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Monday, August 24, 2009

Little Black School Book - In the Weekend Australian

How to tell teachers what they like to hear

OPINION: Christopher Pearson
August 22, 2009
Article from: The Australian

IN 2008 Mark Lopez appalled Australia's teachers unions and endeared himself to a great many students with volume one of The Little Black Schoolbook.

It's a guide on how to write essays guaranteed to appeal to politically correct teachers, with helpful hints on how to ingratiate yourself with them.

Connor Court Publishing has just produced volume two, which concentrates on how to excel in secondary and tertiary exams, a bargain at $29.95.

While Lopez thinks some degree of merit is essential for success in exams, he stresses that students don't always succeed by merit alone. "Sometimes merit can even compromise high grades, due to the impact of an examiner's bias, or when a clever student has exceeded the knowledge of his teacher who is too ignorant, incompetent or narrow-minded to recognise and reward this degree of accomplishment." It follows that: "The key to positive assessment in assignments and exams is to determine what your educators think they want (officially), as well as what they need (psychologically) and then appear to provide the former while actually providing both, with covert emphasis on the latter."

He also urges pessimism over the professionalism of most examiners, except in maths and science subjects. "If you are pursuing high grades it is more advantageous to assume that you will not be assessed fairly or rationally and take the appropriate precautions. The trick is to assume the worst and do what is necessary to succeed with the worst examiners. Consequently, your work will be able to succeed with any examiner rather than be precariously dependent on competent treatment for a just reward."

It's also helpful to remember that most examiners aren't interested in signs of original thought and grade exam papers on Pavlovian auto-pilot. "If you want to improve your chances of receiving the highest grades, stick to producing material that closest resembles what your examiners are behaviourally conditioned to rewarding and avoid what they are behaviourally conditioned to penalising. Remember, any creativity and originality that deviates from the familiar stereotype entails risk."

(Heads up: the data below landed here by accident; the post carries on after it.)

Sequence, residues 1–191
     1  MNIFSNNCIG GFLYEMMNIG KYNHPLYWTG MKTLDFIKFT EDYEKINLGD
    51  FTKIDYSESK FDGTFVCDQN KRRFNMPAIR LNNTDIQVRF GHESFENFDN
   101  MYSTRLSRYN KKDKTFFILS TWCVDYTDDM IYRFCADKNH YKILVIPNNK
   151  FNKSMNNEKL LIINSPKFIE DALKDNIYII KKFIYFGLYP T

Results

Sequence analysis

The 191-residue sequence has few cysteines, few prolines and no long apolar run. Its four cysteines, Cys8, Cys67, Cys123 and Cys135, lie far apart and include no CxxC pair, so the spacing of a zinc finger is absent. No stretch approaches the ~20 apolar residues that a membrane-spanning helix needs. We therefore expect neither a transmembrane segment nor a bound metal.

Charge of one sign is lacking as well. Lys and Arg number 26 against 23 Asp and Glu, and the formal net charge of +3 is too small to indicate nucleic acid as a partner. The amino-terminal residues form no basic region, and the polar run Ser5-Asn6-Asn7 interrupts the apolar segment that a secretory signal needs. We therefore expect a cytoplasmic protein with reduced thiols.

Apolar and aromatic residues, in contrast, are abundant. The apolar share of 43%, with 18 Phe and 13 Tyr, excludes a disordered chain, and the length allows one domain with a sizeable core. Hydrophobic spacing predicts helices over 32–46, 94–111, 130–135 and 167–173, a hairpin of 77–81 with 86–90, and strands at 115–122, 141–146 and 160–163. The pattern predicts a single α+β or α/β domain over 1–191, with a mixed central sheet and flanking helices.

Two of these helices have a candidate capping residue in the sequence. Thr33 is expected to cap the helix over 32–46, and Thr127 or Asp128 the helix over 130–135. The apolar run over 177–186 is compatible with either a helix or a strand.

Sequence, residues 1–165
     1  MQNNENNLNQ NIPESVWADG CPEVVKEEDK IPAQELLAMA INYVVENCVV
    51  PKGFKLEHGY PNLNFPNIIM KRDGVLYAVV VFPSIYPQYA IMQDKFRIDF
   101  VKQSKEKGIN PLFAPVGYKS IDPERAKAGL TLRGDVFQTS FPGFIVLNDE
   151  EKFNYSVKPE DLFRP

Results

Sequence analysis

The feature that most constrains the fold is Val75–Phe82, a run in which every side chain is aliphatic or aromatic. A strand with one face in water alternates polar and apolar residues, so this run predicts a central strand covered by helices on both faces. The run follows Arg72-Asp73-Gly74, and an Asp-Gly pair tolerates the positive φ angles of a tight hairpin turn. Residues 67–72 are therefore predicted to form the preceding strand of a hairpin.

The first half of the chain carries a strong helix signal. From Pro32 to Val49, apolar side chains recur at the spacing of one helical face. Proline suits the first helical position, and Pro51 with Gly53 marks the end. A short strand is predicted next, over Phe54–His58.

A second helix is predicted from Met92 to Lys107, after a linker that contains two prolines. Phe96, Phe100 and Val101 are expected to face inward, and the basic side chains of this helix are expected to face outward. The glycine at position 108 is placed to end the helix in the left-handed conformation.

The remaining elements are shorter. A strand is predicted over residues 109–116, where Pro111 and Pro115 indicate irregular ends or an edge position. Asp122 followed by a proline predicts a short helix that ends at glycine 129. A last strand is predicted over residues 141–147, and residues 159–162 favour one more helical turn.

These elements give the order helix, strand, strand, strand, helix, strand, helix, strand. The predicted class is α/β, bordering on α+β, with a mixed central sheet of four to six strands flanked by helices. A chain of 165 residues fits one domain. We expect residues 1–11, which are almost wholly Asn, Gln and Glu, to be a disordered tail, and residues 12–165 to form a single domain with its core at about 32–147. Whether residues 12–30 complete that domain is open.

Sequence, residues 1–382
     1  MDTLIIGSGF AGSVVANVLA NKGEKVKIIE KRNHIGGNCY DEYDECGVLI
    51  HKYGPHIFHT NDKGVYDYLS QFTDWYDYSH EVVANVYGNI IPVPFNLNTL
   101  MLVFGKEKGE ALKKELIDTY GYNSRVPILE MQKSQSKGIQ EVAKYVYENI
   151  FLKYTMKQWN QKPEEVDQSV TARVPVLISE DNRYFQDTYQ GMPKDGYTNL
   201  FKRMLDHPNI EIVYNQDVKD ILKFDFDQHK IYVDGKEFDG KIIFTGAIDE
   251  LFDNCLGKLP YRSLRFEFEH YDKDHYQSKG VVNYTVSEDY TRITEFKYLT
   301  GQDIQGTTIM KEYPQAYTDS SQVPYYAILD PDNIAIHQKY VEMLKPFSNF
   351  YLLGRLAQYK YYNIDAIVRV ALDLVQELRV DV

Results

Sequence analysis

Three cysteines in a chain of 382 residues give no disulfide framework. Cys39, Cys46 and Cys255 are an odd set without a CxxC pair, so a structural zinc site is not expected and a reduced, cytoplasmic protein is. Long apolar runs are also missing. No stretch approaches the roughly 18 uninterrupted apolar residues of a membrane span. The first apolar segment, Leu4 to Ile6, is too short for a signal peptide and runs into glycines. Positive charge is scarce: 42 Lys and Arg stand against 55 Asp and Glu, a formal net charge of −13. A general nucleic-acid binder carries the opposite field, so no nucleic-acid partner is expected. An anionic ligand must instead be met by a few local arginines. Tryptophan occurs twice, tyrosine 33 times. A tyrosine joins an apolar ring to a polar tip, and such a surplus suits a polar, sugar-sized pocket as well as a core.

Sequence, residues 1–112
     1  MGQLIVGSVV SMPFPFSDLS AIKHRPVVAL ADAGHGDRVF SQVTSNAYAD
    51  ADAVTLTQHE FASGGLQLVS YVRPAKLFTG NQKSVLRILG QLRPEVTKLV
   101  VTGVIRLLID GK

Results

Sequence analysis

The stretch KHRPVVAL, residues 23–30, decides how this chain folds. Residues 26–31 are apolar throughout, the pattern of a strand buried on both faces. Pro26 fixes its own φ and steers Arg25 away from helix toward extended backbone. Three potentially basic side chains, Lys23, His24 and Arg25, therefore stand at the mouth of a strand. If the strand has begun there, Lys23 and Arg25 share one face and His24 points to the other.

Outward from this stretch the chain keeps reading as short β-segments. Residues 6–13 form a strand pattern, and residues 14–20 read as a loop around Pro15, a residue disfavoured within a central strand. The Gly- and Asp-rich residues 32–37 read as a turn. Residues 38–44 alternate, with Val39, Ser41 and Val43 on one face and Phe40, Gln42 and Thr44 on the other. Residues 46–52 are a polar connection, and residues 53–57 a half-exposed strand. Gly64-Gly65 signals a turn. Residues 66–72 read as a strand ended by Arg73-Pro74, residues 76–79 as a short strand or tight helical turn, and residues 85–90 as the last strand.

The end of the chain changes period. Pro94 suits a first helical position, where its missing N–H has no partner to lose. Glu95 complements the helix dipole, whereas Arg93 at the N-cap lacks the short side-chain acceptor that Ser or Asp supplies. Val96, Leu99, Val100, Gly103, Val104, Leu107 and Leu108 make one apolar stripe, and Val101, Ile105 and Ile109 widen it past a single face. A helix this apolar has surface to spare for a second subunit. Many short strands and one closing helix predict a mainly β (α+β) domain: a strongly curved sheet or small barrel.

Lopez is particularly persuasive when analysing the exploitable vanities of teachers and the fantasies they entertain about themselves as frustrated writers, artists or politicians. "The notion of the fantasy self helps explain why a text like Frank McCourt's bestselling autobiography Angela's Ashes, which is an entertaining book of modest literary or historical value, could be hurriedly added to the set texts for study in many year 12 classrooms so soon after its publication. It is a collection of sometimes amusing anecdotes that tell the story of one man's triumph over adversity as he rose from extreme poverty in Ireland to 'make it' by becoming, of all things, a high school English teacher in the United States."

He's right in explaining how a second-rate book suddenly got on to the syllabus and there are other lessons to be learned.

The book "is extremely validating for teachers, telling them they are OK and that their life is on track, but there is an even more enticing dimension to the McCourt legend. After a long career, McCourt then wrote Angela's Ashes, thereby proving that during those long years of teaching he did have a bestselling book in him after all. He made the fantasy a reality. While tutoring students, I noticed how the teachers who taught this text tended to idolise McCourt or, more precisely, they idolised what McCourt represented, and in doing so they revealed much about themselves." At Lopez's urging, one of the pupils he was coaching went to hear McCourt speak while he was on a world tour promoting the sequel.